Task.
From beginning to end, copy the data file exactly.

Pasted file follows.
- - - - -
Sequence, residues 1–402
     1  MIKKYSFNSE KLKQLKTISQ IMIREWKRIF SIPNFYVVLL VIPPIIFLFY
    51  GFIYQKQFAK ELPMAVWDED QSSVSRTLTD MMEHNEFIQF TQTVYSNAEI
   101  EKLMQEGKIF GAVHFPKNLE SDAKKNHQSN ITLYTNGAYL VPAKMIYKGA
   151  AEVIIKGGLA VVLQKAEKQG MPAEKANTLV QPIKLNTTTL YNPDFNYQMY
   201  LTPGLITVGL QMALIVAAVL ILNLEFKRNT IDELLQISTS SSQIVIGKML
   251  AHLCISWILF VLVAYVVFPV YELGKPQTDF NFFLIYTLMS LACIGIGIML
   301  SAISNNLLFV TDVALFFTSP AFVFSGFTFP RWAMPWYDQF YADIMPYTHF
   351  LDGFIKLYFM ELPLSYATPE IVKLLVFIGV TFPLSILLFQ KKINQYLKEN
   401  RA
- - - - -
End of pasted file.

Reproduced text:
Sequence, residues 1–402
     1  MIKKYSFNSE KLKQLKTISQ IMIREWKRIF SIPNFYVVLL VIPPIIFLFY
    51  GFIYQKQFAK ELPMAVWDED QSSVSRTLTD MMEHNEFIQF TQTVYSNAEI
   101  EKLMQEGKIF GAVHFPKNLE SDAKKNHQSN ITLYTNGAYL VPAKMIYKGA
   151  AEVIIKGGLA VVLQKAEKQG MPAEKANTLV QPIKLNTTTL YNPDFNYQMY
   201  LTPGLITVGL QMALIVAAVL ILNLEFKRNT IDELLQISTS SSQIVIGKML
   251  AHLCISWILF VLVAYVVFPV YELGKPQTDF NFFLIYTLMS LACIGIGIML
   301  SAISNNLLFV TDVALFFTSP AFVFSGFTFP RWAMPWYDQF YADIMPYTHF
   351  LDGFIKLYFM ELPLSYATPE IVKLLVFIGV TFPLSILLFQ KKINQYLKEN
   401  RA